A City of Housing Co-operatives – It Exists!

The Bronx in New York City might not be the first place you would think of in relation to co-operative housing. Specifically on this side of the Atlantic, we might consider the Netherlands, Sweden or Germany as key examples of the success of the co-operative housing movement. However, New York offers an insight into a ambitious project to develop a city imbued with the co-operative ethos.While not technically a city, Co-op City is the largest co-operative housing development in the world, with over 42,000 people living in co-operatives – equivalent to the whole of Drogheda. The site, which began as a swamp and, later, a theme park Freedom Land, construction of the ‘co-operative city’ began in 1966. There are 35 high rise apartment blocks, alongside clusters of townhouses on 320 acres. The use of only 20% of the possible land leaves a large section of the development open to green spaces and community usage.The development is commonly called a ‘city within a city’. With 3 shopping centres, eight parking garages, two middle schools, three grade schools and one high school (which has its own planetarium), it’s easy to see why. That said, the history of Co-op City has not always been rosy. In 1975, for example, due to mismanagement and corruption within the management of the development, the community was forced to default on their loan, faced with staggering increases in their maintenance costs. The community rallied together and organised the largest and longest (13 months in total) rent strike in US history. They were ultimately successful in their objectives and, following negotiations, new life was brought into the community, with significant periods of renovation carried out in order to rebuild a once-again thriving community.Many members of the co-operatives see current developments within Co-op City as a ‘renaissance’, with massive investment being pumped into ‘green’ initiatives, including ensuring energy efficiency alongside using clean energy to power and heat the co-operative. In recent years, there has also been considerable changes with regards to how the management of the co-operative, with significant investments in technology and resources.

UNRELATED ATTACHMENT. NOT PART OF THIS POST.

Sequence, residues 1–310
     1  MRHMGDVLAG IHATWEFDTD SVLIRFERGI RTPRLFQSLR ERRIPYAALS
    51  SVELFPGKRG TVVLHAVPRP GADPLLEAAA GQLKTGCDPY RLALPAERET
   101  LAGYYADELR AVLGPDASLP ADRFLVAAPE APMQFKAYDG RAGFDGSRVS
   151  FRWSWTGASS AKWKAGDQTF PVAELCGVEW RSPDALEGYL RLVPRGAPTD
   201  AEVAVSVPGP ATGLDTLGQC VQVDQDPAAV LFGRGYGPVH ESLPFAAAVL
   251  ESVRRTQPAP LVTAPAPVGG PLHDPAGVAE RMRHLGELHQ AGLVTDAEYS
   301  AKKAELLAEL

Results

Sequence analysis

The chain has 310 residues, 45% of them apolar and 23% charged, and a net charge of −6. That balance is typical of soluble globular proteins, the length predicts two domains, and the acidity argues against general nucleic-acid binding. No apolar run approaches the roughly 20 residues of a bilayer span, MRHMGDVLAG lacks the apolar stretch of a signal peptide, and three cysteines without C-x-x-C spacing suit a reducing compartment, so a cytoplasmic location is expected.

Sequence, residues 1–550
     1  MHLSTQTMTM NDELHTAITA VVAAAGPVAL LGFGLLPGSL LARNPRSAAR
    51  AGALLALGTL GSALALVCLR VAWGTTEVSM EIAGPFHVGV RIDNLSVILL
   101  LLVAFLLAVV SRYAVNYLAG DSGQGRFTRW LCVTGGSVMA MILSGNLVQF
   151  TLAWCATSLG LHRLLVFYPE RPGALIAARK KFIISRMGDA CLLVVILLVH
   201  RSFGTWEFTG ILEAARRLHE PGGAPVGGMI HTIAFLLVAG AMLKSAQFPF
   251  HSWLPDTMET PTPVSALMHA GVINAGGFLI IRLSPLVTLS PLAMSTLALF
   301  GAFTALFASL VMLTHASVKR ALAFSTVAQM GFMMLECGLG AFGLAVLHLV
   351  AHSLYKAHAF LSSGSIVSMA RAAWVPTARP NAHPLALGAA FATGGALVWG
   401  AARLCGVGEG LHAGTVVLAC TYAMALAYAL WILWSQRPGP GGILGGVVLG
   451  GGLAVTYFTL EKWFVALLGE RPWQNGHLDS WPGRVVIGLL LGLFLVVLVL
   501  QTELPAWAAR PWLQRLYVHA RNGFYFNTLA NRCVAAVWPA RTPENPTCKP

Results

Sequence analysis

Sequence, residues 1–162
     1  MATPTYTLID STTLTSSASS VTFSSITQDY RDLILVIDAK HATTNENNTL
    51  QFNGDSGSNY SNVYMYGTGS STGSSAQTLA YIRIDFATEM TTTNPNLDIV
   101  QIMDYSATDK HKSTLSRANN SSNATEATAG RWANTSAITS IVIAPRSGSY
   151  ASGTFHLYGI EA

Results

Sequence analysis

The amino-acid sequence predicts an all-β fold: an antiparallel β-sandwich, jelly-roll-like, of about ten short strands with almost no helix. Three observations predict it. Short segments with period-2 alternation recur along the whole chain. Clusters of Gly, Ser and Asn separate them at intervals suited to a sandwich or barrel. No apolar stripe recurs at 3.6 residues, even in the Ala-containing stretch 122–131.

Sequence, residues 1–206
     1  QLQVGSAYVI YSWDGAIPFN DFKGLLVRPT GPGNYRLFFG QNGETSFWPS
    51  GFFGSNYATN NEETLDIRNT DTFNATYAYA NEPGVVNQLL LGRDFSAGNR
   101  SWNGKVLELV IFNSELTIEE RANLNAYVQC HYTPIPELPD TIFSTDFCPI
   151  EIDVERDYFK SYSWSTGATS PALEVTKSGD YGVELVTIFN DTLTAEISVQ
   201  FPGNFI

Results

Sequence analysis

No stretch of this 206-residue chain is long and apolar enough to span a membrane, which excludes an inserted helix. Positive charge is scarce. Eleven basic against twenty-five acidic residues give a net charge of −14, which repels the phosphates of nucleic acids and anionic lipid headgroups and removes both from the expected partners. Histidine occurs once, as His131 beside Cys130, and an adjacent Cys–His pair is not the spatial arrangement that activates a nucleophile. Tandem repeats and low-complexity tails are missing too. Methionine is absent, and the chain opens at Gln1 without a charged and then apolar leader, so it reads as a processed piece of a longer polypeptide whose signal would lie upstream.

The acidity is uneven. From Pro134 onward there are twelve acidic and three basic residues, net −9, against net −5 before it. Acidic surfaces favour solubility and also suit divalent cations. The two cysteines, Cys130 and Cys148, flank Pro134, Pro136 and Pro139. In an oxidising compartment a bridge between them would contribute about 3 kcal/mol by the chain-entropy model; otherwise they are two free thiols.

What do you think? Could a small country like Ireland do with a similar development? Would you live in a city full of co-operatives?

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